. .....
Let us make this clear once again.
This is the ARBORETUM's official position on flying saucers:

1. No reputable person in the entire history of this earth has ever seen a flying saucer.
2. There aren't any because the government says so.
3. Anyone who sees one is either drunk, drug-hazed, crazy, or lying.
4. When people actually do see things up there, they are either airplanes, weather balloons, heat lightning, reflections off Dick Cheney's head, stars, comets, or angels. "Weird" weather, according to the FAA also makes people think they see something.

We are now considering it possible that in Arizona, football fields fly at night.

A BREEZE stirs the leaves.

Stuff people ask me about.

Ann Coulter --- I will leave a discussion of her transgressions against good sense to the narcissism of the networks who spawned her and gave her a platform. I know that she is considered a wise thinker in some circles, the same ones that liked Martha Mitchell. Their judgment in these matters is far superior to mine. Besides, I am a retired and frivolous person and very,very busy. I really have no time for important things like Ann. I'm pursuing more inane topics, like life and happiness. For example, I'm still treating the diseases I contacted in trying to establish my parenthood of Anna Nicole's baby.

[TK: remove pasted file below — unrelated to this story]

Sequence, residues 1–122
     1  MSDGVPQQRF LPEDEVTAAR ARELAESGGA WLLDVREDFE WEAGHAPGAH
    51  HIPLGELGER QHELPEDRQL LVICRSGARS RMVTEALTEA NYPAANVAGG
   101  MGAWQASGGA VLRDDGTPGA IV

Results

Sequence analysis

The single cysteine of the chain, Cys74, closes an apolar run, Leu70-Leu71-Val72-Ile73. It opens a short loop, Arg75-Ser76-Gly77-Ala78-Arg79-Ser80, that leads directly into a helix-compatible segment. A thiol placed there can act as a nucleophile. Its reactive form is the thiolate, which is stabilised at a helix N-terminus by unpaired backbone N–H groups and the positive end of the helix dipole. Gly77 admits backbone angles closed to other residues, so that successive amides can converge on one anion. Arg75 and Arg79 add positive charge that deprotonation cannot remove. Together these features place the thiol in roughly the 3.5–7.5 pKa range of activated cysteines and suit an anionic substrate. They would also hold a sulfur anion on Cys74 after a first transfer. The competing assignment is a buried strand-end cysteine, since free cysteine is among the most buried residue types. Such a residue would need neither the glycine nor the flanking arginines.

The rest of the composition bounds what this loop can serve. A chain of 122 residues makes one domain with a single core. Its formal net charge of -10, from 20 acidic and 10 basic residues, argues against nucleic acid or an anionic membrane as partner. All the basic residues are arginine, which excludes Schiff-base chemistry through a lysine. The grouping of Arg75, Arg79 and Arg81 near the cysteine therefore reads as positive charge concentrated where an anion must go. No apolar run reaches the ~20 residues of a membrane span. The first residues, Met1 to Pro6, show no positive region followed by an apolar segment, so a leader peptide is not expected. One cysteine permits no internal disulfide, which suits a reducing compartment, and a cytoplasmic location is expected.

General Pace says that homosexual acts are immoral. Maybe it's just the way he does it. Bears further investigation, though.

Meanwhile, I gladly take his word for it.


note to cowardly democrats and republicans alike